That’s about the same as for a single studio lampshade. A complete lamp runs to about £50.

When I first heard about the Eye-Fi SDHC a couple of years ago, I was very intrigued, but saddened that it seemed so locked in to one service. But time’s gone by now, and it looks like they’ve opened their doors a lot wider.
The Eye-Fi is an up to 8Gb SD card with a built-in 802.11n wifi functionality. The idea is that when a photo is taken, it’s stored and also uploaded by any open wifi point to the web service. And now there’s a number of services including YouTube, but more importantly I feel, the open-source Gallery 2. The Gallery 2 option means it can now upload to your own personal webspace, located in the country and legal protections of your choice.

However it still requires you to get within 27meters (max) of an open wifi point. And with the spectre of an un-redacted Digital Economy Act looming, open wifi points may soon become rather thin on the ground.

However, one of the things that came up in the original discussion of the Eye-Fi was the idea of using a data-enabled SmartPhone with wifi as a bridge. Eye-Fi talks to your phone via 802.11n, phone talks to the internet via 3G or other mobile broadband. It’s a delightfully simple and compelling concept, but one that has apparently seen little development. Perhaps I’ve simply not found it yet, but it’s hard to find discussion of the subject past 2007.
Certainly you could use a laptop for the same purpose, but that shouldn’t be necessary, particularly as open-source phones such as the Android now exist, where the necessary programming should be relatively simple. And in any case, the uptime comparisons are unlikely to favour it.

In a world where police can illegally demand or force you to delete the video and images from your camera, I for one would treasure the warm inner glow from knowing that while the originals are gone, identical copies have already transferred to my phone and on to a secure server on the other side of the planet.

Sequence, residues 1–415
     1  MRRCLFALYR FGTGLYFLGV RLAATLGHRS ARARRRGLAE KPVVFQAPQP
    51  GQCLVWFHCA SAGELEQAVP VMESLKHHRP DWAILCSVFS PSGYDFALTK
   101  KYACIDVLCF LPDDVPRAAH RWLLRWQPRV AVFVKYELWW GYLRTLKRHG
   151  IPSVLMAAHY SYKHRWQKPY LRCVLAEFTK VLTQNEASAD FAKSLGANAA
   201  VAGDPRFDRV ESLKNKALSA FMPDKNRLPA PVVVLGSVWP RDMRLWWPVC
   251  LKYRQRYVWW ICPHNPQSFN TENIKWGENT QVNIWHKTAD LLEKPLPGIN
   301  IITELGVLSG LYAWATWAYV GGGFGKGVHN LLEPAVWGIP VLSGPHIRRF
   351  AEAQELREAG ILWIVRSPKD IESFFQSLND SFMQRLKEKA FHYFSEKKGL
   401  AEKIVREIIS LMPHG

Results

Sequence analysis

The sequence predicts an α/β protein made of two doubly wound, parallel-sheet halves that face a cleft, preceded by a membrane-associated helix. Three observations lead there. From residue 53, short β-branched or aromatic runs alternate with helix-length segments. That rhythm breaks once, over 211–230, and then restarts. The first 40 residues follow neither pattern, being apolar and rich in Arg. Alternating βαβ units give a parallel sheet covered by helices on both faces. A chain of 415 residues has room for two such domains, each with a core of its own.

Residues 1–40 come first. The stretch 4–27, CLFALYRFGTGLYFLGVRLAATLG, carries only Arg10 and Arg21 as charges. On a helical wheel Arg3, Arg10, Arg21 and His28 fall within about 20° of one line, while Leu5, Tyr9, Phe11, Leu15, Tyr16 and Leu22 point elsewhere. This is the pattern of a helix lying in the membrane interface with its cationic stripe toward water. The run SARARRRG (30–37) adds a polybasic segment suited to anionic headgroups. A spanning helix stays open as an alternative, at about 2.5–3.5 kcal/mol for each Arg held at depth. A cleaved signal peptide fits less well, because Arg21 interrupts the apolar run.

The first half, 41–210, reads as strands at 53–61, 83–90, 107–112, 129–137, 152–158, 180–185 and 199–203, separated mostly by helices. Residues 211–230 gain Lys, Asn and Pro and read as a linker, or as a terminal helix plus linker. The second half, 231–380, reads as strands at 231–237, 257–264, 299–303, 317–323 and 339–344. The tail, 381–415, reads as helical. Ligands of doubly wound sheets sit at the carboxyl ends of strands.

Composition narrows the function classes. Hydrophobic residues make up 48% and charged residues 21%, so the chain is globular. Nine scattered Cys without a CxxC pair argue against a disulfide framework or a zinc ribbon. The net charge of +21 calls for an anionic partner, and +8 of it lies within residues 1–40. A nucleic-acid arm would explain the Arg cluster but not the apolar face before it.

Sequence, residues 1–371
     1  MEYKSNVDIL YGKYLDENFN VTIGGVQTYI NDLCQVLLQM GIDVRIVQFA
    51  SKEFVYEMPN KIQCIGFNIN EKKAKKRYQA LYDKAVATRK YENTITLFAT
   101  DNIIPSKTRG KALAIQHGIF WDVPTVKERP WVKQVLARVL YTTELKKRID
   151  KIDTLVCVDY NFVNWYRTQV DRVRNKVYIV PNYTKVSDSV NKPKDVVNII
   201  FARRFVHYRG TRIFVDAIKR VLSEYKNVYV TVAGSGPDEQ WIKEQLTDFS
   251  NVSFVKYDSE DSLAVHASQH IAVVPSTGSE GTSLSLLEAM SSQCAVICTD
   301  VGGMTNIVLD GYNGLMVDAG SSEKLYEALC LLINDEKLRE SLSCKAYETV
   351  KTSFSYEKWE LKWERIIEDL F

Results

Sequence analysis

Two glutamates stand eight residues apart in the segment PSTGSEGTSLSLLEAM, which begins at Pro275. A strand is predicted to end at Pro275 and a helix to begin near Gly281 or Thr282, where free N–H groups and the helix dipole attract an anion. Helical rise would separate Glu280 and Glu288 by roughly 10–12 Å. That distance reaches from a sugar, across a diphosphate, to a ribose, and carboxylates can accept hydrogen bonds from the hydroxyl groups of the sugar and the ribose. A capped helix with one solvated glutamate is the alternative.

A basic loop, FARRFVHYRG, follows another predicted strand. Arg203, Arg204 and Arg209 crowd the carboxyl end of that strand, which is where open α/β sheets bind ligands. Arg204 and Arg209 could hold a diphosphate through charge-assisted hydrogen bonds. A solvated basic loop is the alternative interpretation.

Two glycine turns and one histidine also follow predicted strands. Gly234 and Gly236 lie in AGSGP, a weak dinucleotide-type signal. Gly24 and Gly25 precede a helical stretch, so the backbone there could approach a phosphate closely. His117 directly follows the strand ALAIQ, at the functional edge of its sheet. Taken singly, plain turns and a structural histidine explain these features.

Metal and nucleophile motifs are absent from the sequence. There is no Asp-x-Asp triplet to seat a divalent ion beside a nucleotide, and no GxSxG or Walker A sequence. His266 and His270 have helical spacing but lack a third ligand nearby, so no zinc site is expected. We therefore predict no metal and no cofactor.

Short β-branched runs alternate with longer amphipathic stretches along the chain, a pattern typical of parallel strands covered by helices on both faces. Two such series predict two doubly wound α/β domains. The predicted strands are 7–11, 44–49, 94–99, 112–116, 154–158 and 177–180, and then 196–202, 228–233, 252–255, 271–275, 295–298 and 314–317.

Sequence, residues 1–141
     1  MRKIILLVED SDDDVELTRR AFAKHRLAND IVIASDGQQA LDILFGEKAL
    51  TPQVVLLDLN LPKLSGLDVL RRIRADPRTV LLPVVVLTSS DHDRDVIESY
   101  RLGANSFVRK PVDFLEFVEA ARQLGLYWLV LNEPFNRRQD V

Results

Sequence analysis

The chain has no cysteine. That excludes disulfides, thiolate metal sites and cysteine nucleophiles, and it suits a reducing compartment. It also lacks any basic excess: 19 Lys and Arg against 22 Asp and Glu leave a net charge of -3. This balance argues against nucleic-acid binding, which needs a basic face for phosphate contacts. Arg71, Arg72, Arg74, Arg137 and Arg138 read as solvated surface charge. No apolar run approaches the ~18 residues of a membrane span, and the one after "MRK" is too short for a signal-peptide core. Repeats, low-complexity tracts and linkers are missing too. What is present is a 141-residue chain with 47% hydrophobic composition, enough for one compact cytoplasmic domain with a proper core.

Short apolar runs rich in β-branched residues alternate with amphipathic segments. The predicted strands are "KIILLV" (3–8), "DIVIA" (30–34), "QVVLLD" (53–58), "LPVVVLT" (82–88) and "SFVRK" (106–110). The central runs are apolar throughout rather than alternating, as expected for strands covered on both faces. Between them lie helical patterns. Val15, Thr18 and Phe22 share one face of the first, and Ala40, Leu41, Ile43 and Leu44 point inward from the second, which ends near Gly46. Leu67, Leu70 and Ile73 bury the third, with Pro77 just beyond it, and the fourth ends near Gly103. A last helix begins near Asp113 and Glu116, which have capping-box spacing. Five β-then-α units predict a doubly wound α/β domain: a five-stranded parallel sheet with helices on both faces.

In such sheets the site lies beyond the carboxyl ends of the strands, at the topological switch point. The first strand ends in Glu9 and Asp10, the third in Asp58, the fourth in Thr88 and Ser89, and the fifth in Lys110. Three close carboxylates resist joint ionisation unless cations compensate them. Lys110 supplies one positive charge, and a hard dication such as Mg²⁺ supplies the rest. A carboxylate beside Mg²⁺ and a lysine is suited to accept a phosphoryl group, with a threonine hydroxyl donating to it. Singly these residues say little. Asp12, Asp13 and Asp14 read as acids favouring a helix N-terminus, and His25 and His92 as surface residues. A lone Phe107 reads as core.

So if anyone knows of a bit of software to turn your SmartPhone into a passive wifi access-point/bridge, I’d love to hear about it, as I’m sure others would.

Reprap prototype PSU is done and ready for the stepper controllers to arrive now. All boxed up nicely. If memory serves, it didn’t have a fan when it was in the fax machine, so should be fine in the enclosure. At worse I might have to drill it some extra air holes.
Mains lamp, some (vintage) terminal posts, switch and IEC C14 socket.

Even took the engraver to the front panel to mark out the various terminals and added a couple of ferrite beads to the lines to be on the safe side, and used some cable wrap to keep the wires tidy.

Today I also finally removed the piston and cam off the old compressor pump, and filed down a pully to fit. I’ve hooked this up to the 3rd party headstock from the Black and Decker extruded aluminium wood lathe I found last year. It’s meant to be run by a type of drill they no longer make, so the compressor motor should be easily powerful enough. Currently getting a head speed of about 3200rpm, so it’s currently about twice as fast as it needs to be. Will see about swapping the headstock pully for something larger (I have one, but getting the old one off will be a pain).
It’s not urgent, but it’s sitting around and there’s a friend who should be able to use it once it’s basically working.
Also made a control box for it, currently a simple latching safety power switch (see background of first image) from a broken garden shredder and an old RS project box. If I find a spare suitably rated rheostat I may add a limited speed controller.

Also the sewing for the set of “Navi” wings was mostly done today, but one of the blue plastic rods snapped while trying to flex it into it’s “pocket”.
After some considerable swearing and therapeutic angle-grinder time (see above compressor pump), I will tomorrow attempt to construct a coupler out of clear perspex rod and use it to join the two broken ends, as the stress on them will likely be more than any other repair would take. this may mean purposefully breaking and repairing the opposite wing to match.

[20/06/2010: Amalgamating old posts from “Dreamwidth Creative Blog” into sci-fi-fox.com to re-purpose DW blog account.]